Ravi Subramanian, the head of Unison, West Midlands, said:

Far from Tory claims to protect the NHS, Birmingham and Sandwell hospital trust is being forced to find savings of £125m over the next five years.

Thousands of staff are facing the prospect of losing their jobs and wards are closing. Now the hospital is making moves to deliver healthcare on the cheap, by using people on work experience to help with patient care. Patients and staff will rightly be very worried about the standard of patient care as this scheme is rolled out.

When we signed up to the Boycott Workfare campaign, we did so on the basis that we believed that workfare would be used to cover for cuts, with people on benefits being forced to do unpaid work in order to keep the money they need for food, fuel and rent. People who refuse to take part in workfare schemes face benefit sanctions of up to 6 months, although pressure on the government from campaigners and legal challenges has seen sanctions removed from some of the schemes.

With unemployment remaining at high levels, no sign of economic recovery and a continued commitment to austerity from the ConDem coalition, we can expect to see more of this, unless we make such a huge outcry now that it is not politically viable for public sector organisations to continue to take part in workfare schemes.

Today the Telegraph has reported that the £5bn work programme is failing, as employers are reluctant to expand their workforce in the face of economic uncertainty. The Telegraph reports that only 20% of people sent on the Work Programme find work, and there is no data as to whether these jobs are temporary or permanent. One thing is clear, that the work programme does not improve people’s chances of getting a job, and is an expensive waste of taxpayer’s money.

The issue with the NHS is not just about the exploitation of unemployed and disabled people, or about the fact that this is taking the place of paid positions, it is also about threats patient care and cuts to the NHS. We implore everyone who can to come along on Thursday and say No to Workfare and No to NHS Cuts.

Thursday 24th May at 5pm

Sandwell Hospital, West Bromwich, B71 4HJ. Assemble at the corner of Little Lane and All Saints Road, outside the A&E dept.


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Lansley Heckled at ICC as Demonstrators Gather Outside

Around 60 people gathered at the ICC in Birmingham on Tuesday 15th May, as Lansley was expected at a NICE conference being held at the ICC. The demonstration was called by Save Our NHS West Midlands and Keep Our NHS Public, the demonstration attracted wide support from other organisations, NHS workers and everyone else who uses the NHS.

Save our NHS West Midlands and the Birmingham Mail both reported on the event, which took place under the cover of the entrance to the ICC at centenary square as we sheltered from the rain (having missed the hail storm thankfully).
At one point police asked demonstrators to move out from underneath the cover, a request that was roundly refused on the basis that we didn’t want to get caught out by the weather! You can watch some videos of the protest by Birmingham Citizen TV.

Of course, Lansley didn’t pay us a visit on his way in to the conference. Still hurting from the heckling he received at the RCN conference on Monday, and perhaps mindful of this incident, Lansley decided not to take the opportunity to try to defend the fragmentation and privatisation of the Health Service his NHS bill is bringing, nor to explain why he is seeking 20% efficiency savings in the most efficient health service in the world, how staffing cuts have led to the use of workfare labour in Birmingham hospitals, or why he supports regional pay, which 99.2% of Nurses voted to oppose.

However, when Lansley spoke inside, he was heckled over his decision not to release the risk register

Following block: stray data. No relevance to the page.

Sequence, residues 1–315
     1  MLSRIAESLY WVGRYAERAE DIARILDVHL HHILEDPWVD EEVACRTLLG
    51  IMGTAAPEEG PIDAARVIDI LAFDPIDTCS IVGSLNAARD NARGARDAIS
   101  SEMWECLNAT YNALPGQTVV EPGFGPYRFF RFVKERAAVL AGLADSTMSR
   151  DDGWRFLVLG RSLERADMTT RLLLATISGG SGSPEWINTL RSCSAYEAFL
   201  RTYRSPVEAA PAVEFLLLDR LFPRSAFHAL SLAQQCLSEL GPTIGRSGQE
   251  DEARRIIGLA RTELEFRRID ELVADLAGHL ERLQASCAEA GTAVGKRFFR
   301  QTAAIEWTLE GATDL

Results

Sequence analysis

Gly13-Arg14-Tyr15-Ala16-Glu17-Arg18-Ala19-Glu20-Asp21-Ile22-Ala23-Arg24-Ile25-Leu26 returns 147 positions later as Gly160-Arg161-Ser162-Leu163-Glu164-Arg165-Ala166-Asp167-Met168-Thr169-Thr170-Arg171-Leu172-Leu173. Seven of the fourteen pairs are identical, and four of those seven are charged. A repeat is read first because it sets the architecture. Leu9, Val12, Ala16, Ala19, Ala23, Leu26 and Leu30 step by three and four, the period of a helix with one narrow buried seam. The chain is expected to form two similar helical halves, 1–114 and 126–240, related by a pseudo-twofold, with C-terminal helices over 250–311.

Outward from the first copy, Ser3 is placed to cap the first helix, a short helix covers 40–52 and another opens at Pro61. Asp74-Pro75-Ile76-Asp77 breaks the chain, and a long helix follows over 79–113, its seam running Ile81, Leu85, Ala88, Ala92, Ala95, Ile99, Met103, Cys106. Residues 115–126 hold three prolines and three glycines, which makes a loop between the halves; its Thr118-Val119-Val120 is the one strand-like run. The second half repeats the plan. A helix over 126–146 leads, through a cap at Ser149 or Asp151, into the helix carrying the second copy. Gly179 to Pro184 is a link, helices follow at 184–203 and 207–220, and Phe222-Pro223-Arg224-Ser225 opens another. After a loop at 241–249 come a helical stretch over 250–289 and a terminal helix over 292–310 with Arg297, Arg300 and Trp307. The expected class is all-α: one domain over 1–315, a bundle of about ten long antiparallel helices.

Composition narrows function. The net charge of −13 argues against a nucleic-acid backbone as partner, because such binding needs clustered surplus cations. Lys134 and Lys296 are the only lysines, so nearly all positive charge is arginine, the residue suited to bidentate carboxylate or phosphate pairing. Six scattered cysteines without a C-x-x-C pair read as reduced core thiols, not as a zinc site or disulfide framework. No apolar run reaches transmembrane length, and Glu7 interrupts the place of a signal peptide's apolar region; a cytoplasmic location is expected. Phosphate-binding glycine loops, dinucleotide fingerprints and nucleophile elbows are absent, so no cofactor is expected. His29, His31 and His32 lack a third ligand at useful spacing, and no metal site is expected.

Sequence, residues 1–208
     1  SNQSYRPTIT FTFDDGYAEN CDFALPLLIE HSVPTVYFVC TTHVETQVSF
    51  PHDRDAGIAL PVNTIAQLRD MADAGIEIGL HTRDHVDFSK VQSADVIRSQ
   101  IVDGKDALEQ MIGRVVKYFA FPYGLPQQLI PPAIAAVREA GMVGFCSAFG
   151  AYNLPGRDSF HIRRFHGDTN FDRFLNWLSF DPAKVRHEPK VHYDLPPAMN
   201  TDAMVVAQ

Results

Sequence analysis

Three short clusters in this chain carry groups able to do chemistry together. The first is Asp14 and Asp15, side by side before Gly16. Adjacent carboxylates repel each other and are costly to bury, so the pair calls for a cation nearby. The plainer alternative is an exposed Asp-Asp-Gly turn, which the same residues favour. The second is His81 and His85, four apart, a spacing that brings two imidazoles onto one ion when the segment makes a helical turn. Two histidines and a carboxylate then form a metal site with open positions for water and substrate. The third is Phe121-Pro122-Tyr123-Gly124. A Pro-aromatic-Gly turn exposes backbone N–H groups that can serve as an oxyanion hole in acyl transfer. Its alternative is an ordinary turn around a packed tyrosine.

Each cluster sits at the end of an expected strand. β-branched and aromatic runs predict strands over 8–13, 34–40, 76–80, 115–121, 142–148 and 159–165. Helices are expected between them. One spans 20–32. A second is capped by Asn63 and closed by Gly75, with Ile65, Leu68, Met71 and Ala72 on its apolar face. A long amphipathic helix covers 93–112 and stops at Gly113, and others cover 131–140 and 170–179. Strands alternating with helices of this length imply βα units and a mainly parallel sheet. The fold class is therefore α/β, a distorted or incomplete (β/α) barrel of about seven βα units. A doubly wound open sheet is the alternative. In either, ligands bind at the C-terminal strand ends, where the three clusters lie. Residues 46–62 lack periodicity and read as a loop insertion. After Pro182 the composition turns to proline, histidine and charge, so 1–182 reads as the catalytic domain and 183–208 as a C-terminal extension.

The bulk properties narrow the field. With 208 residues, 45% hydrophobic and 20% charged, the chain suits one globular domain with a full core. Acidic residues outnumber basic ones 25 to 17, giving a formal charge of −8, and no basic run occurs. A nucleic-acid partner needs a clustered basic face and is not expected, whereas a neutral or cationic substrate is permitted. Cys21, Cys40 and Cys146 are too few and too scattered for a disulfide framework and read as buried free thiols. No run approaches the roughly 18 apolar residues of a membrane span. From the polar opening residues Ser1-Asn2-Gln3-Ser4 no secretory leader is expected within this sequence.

He and the rest of the coalition will find it increasingly difficult to avoid the backlash to their disliked and harmful reforms as patient care suffers like it has at this Birmingham Dialysis unit.
Perhaps it is because this will not be an isolated incident that Lansley has vetoed releasing the risk register, a decision the Information Commissioner says “is unjustified and departs from policy” and may have far reaching implications for freedom of information in the UK.


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NHS Demonstration on Tuesday – Lansley Visiting Birmingham

Andrew Lansley is speaking at a NICE conference at the ICC on Tuesday 15th, and there will be a demonstration from 5pm in Centenary Square, called by Keep Our NHS Public and Save Our NHS West Midlands.

Lansley is responsible for the Health and Social Care Bill, which is currently passing into law, having been voted through by the Tories and Lib Dems, despite the legislation not being in either manifesto, and David Cameron having said that there would be no top down reform of the NHS.

Already the vultures are circling, with Virgin Health and Serco picking up contracts to run NHS services. The cap on private patients in NHS hospital has been raised to 49% and the responsibility for the provision of healthcare services has been removed from the Secretary of State for Health (they now only have to “promote” healthcare services – creating the legal space for the complete privatisation of our healthcare, and the reduction of the NHS to a brand or insurance provider).

Lansley has vetoed the release of the risk register, which examines potential problems with the legislation. This is despite court orders to release it as the information is in the public interest so we can better understand the effect that the changes will have on our healthcare.
Has this been blocked because it reveals that patient care will suffer, as it has for dialysis patients in Birmingham following the outsourcing of the service, or because it reveals the huge risk of healthcare companies going bust, like Southern Cross did in social care – leaving the taxpayer to pick up the bill.
Are they refusing to release it because it shows that the cost of health care will spiral as we hand money over to shareholders in the form of profits, and as administrative costs rise. In the USA, they pay more than twice as much per person for healthcare as we do.

The NHS is the most efficient healthcare system in the world, with among the best patient outcomes. It is not perfect, and can be improved. We need to examine how we can pay for rising healthcare costs associated with an aging population and with ever increasing medical knowledge that finds new treatments. But every single NHS workers organisation – all the doctors and nurses that deliver healthcare – are against the bill, repeatedly calling for it to be withdrawn in its entirety.